The International Gaming Law Summit is an annual London based conference put together by C5 bringing together lawyers, regulators and operators to discuss the regulatory issues surrounding Europe and the rest of the globe. The main goal of this event is to provide informative sessions and civilized networking during the lunches and coffee breaks.
This year the conference took place at Le Meridian Piccadilly and attracted around 100 delegates throughout the two days, less than anticipated because of last minute cancellations due to a civil strike in London complicating international travel.
Seeing as many of the delegates are working within the UK market, one of the more popular panels covered the proposed changes to the UK external licenses. Nick Nocton kicked off the session by explaining that the UK Gambling Commission is going to revise how remote gambling is conducted in the UK. Nick Hawkins was quick to chime in that it will be a while before anything actually happens, so there is plenty of time for the RGA and the operators to build a case for what they want.
Clive Hawkswood added on behalf of the RGA that the online gaming revenue in the UK is largely based around gambling tax as opposed to job creation and therefore he does not expect that the new regulation will require staff or equipment to be physically located in the UK. Hawkswood also emphasized that the UK consumers are the real winners here because the UK licensed companies are competing against each other for business. If the UK Gambling Commission sets taxes at an unreasonably high level, the UK consumer will take their business elsewhere which would not be good for UK license holders.
Gibraltar based William Hill has been very vocal about their concerns regarding the proposed changes to the UK remote gambling industry laws, especially the concept of taking tax from where the punter is placed vs. where the company is located. Andrew Lyman of Will Hill agreed with Hawkswood by stating that customer is king in the remote gambling market and that the tax rate must be a low as possible so the UK market is not distorted.
An interesting point made from the audience during the panel is that British companies such as Betfair are all for the new UK Gambling Commission legislation. However, Hawkswood did confirm that the RGA is in full discussions with the UK Gambling commission to discuss the situation, so not to worry if you’re an offshore company wanting to do business in the UK.
Another hot topic surrounded the new Danish legislation, a framework that many believe will be very successful and as German lawyer Wulf Hambach stated, it could be come the number one framework in the EU.
Henrik Hoffman, an expert on the new Danish legislation gave an overview of what the framework entails and some of the key points for operators looking to get into this market. 1)a .dk is not necessary! 2)there is no requirement to be an established company in DK 3)DK is working with other jurisdictions to make bilateral agreements to circumvent the requirement for serves to be located in DK. 4)there are two types of licenses, sports and casino and the casino license includes poker which is unusual in our industry.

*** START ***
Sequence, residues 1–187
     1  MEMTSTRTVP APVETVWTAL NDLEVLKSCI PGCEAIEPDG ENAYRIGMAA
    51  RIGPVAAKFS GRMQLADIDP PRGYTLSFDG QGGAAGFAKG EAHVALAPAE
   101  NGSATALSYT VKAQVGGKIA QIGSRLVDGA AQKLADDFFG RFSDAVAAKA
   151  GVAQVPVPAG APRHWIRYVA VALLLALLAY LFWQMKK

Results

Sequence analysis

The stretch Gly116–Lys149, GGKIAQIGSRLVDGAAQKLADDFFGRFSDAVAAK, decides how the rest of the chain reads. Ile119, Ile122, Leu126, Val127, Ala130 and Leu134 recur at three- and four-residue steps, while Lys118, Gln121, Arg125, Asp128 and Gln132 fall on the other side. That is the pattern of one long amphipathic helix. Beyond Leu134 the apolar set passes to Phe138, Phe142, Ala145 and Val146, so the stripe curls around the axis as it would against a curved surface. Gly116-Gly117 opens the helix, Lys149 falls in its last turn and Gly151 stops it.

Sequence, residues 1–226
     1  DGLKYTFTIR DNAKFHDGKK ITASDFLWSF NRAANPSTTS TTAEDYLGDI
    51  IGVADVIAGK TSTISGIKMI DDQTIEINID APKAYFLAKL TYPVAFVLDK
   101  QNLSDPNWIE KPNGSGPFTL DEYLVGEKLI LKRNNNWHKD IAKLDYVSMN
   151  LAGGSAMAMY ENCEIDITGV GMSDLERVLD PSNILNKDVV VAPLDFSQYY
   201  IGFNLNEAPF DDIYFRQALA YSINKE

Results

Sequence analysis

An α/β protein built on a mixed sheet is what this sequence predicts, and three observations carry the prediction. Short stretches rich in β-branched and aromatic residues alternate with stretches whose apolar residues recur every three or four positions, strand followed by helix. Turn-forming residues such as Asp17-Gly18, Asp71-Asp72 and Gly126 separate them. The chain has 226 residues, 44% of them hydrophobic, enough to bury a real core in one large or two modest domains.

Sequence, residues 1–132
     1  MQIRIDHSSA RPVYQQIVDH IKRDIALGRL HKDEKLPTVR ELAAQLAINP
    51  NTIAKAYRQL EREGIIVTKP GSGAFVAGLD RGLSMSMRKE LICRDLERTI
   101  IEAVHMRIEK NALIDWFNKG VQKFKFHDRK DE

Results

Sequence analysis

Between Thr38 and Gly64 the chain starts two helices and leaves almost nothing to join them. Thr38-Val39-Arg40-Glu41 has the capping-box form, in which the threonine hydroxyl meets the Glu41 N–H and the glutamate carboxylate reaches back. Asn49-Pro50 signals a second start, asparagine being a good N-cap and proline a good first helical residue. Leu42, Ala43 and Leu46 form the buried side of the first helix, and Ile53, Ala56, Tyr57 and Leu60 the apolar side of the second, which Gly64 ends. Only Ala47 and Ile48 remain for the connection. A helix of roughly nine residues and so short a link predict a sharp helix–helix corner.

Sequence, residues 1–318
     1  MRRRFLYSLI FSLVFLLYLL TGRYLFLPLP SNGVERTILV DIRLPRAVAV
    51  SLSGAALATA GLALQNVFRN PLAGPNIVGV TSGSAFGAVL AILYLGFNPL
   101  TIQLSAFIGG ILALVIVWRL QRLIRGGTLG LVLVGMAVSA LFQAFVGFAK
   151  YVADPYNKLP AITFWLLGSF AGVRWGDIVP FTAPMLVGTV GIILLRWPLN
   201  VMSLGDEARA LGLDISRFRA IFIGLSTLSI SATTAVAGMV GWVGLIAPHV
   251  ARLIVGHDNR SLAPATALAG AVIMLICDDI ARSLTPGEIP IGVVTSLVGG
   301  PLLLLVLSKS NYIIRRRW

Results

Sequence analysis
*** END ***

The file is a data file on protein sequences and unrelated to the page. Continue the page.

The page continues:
Martin Thorvaldsson of Betsson finished out the session by stating that the Denmark regulation is a step in the right direction as the industry and the authority are aligned for once. It will be interesting to see how the new legislation works in Denmark from January 1st and onwards and if other jurisdictions looking to regulate decide to use this framework as their guide.
Of course no conference is complete without the trusty US Regulation panel, although this time around panelists were very clear to say, “don’t hold your breath”. Robyn Le Prevost of Alderney kicked off the session by emphasizing that “you have to be careful with what you wish for”. So many online gambling operators are wishing for regulation in the US but if we take a look at what’s happening in the EU right now with multiple licenses, big tax bills and other complications, we could see the same thing happening in the US. A regulated US market is not going to be the panacea that many are daydreaming about.
All panelists were in agreement that the only way for European companies to even think of entering the US market once it is regulated is by partnership with US operations, purchasing real estate and/or bringing technical knowhow to the table. In other words, European brands alone will be useless, so don’t focus on that.
On a lighter note, we had some fun on the second day of the conference when popular Italian lawyer Quirino Mancini made his grand entrance and presented a Spanish regulation update on behalf of his friend Santiago Asensi. Asensi was unable to present due to all the applications he has received from operators looking to get a Spanish license. You can learn everything about the new Spanish regulation from Santiago himself in his interview at iGB Espana, although Quirino did an excellent job “bullshitting”, to use his exact words.
All in all the conference itself was not as well attended and delegates had hoped, although there were some logistical complications due to the strike. In actuality, we’re seeing reduced delegate numbers as a recurring trend for all online gambling conferences due to the huge number of events around the world at present. Numbers aside, the timing was right to discuss the Danish regulation and to start thinking about plans for 2012 when it comes to licenses, fragmented Europe and the USA market.